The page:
InterAksyon | Jen Calimon and J.V. Arcena, News5
(UPDATE 4 – 11:18 p.m.) MANILA, Philippines – While President Rodrigo Duterte was able to bring home with him 118 Filipino undocumented and distressed Filipino workers from Saudi Arabia, thousands more, who lost their jobs following the oil crisis in the Middle East, remain in the kingdom.
Department of Labor and Employment Secretary Silvestre Bello III said the Philippine government’s target was to bring back a total of 6,000 Filipino workers from the Arab state but only 3,000 of them had so far applied for repatriation.
Most of the Filipino workers who came home with the President on Monday availed themselves of the Saudi government’s amnesty program. The workers returned to the country with 20 children.
Duterte promised that the Philippine government would pay for the repatriation expenses of overseas Filipinos who want to go back home.
“Lahat ng gustong umuwi na Filipino, makakauwi. Gagasustan natin ‘yan,” the President said upon his arrival.
Most of the stranded Filipino workers in the kingdom remain unpaid as employers hit hard by an economic slump withheld their income for months. Many of them have expired iqama or residence IDs and are technically staying in Saudi Arabia illegally, with some unable to afford even the fare to go to the embassy.
Among them was 56-year-old Rizalino Jacinto, who died in August 2016 with his wages still unpaid for eight months. His wife said Jacinto, who was in coma after suffering massive cerebral hemorrhage, died of severe depression.
Foreign governments had been pressing authorities and executives in Saudi Arabia to ensure that local construction firms make delayed salary payments to thousands of workers.
Since 2015, the Saudi government has responded to shrinking oil revenues by clamping down on state spending to curb a budget deficit running at about $100 billion annually.
This had squeezed construction firms in the kingdom as they had received less money from the government.
About 10 million people, largely from South Asia, Southeast Asia and other parts of the Mideast, work in Saudi Arabia.
Most of them do low-paid jobs in sectors which Saudis spurn, such as construction, domestic service and retailing.
On Monday, upon his arrival from a week-long visit to Saudi Arabia, Bahrain, and Qatar, Duterte thanked overseas Filipino workers (OFW) for helping the Philippine economy and promised that he would also help them with their needs.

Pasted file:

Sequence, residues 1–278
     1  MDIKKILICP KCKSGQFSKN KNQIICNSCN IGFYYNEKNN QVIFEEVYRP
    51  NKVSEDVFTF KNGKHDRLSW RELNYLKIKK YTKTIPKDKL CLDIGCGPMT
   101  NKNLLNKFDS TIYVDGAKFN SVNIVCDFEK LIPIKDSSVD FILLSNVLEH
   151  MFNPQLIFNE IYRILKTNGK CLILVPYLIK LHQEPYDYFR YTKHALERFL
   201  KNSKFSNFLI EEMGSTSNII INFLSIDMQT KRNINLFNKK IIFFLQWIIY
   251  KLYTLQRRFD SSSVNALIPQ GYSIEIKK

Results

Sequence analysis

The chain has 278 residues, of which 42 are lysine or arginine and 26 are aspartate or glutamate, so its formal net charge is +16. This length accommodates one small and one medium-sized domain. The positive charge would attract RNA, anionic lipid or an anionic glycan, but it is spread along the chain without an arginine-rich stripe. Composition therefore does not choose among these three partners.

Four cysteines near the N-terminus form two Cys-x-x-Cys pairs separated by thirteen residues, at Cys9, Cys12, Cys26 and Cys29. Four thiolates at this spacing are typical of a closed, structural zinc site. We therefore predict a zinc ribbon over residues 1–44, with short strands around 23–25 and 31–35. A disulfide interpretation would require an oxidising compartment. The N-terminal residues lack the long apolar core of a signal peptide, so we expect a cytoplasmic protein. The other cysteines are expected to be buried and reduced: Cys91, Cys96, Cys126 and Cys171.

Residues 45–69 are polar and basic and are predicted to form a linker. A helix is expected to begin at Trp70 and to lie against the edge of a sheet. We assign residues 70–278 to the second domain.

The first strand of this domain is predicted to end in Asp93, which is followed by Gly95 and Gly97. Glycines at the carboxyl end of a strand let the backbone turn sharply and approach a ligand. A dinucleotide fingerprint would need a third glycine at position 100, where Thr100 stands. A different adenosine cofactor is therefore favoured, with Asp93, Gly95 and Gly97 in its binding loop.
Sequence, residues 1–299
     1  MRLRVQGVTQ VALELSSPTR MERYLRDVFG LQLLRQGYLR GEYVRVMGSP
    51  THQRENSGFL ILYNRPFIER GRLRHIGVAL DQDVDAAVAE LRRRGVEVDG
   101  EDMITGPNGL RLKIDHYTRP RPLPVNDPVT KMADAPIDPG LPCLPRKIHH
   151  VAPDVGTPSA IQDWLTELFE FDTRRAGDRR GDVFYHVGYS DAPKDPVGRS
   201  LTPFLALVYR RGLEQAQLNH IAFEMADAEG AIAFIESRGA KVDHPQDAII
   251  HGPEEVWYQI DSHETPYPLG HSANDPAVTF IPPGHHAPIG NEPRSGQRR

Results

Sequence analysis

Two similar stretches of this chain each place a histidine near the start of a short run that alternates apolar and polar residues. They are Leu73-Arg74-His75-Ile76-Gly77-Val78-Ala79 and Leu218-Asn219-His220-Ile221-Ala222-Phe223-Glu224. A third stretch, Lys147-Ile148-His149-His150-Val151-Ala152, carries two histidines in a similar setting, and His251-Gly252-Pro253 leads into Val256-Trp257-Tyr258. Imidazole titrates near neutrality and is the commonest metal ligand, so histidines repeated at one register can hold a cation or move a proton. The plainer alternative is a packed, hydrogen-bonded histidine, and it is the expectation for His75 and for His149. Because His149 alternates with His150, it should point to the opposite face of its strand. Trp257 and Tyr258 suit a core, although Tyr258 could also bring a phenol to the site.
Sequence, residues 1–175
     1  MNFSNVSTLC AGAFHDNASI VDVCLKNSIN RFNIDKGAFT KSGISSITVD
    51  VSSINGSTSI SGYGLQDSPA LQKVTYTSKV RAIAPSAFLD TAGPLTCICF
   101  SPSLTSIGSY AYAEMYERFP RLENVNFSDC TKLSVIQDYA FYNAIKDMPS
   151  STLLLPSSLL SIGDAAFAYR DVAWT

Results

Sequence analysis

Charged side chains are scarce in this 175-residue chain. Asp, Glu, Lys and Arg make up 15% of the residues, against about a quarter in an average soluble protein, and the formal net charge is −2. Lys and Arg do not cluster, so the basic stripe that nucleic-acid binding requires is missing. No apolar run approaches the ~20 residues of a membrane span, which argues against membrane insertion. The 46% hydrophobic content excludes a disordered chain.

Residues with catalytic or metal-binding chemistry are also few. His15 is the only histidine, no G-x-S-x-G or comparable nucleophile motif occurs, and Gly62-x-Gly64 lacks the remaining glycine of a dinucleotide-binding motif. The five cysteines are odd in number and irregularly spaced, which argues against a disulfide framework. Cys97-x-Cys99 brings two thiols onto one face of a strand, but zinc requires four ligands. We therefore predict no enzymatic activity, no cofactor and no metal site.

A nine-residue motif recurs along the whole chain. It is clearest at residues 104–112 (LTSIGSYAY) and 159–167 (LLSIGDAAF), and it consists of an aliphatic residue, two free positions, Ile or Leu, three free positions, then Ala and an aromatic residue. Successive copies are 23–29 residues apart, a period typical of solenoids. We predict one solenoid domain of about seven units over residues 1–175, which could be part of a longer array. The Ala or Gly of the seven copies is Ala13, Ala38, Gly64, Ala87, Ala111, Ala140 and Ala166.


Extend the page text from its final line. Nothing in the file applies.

“Gusto ko na minsang lumuhod. Really I felt like going down on my knees. Thank you for helping the country. Malaki ‘yan. Di n’yo lang alam. Malaki ang tinutulong ninyo sa bayan [That’s a big thing. You just don’t know how much you helped the country]. Your remittances, that keep us afloat. During the years of crisis, remittances buoyed the economy,” he said.
“Tutulong ako sa inyo bilang pagbayad sa ginawa ninyo sa kababayan ninyo. Magpapakamatay kami [para] sa inyo [I will help you in return for what you did for our countrymen. We will give up our lives for you],” the President added.
Total OFW remittance sent through banks in December 2016 rose 3.6 percent to $2.56 billion from $2.47 million during the same month in 2015.
For the whole of 2016, cash remittances reached $26.9 billion, up 5 percent from $25.61 billion in 2015.
On Monday, the government announced that the 151 repatriated OFWs from Saudi Arabia were each given P10,000 financial aid – P5,000 from the Overseas Workers Welfare Administration and another P5,000 from Duterte.
He also promised that he “will look for the money” to build a hospital in the Middle East to take care of the health needs of Filipino workers there. But Bello said that, for now, Philippine government could only send additional doctors to the region.
During his official visit to the Middle East, Duterte disclosed to OFWs his plan to establish a Department of Overseas Filipino Workers. At least seven bills are now pending in Congress that propose the creation of the said agency.
In the 1970s, labor migration was just seen by the Philippine government as a temporary solution to unemployment and insufficient foreign exchange earnings while the domestic economy was being strengthened to provide sustainable local jobs to Filipinos.
But the supposedly temporary solution became a permanent answer to increasing joblessness when the Philippine government, during the Marcos administration, institutionalized the overseas deployment of Filipinos.
In 1982, President Ferdinand Marcos, through Executive Order No. 797, turned over the functions of three agencies that train and select Filipino workers for deployment abroad to the Philippine Overseas Employment Agency. – with reports from Reuters
Click and watch the video report from News5’s JV Arcena below: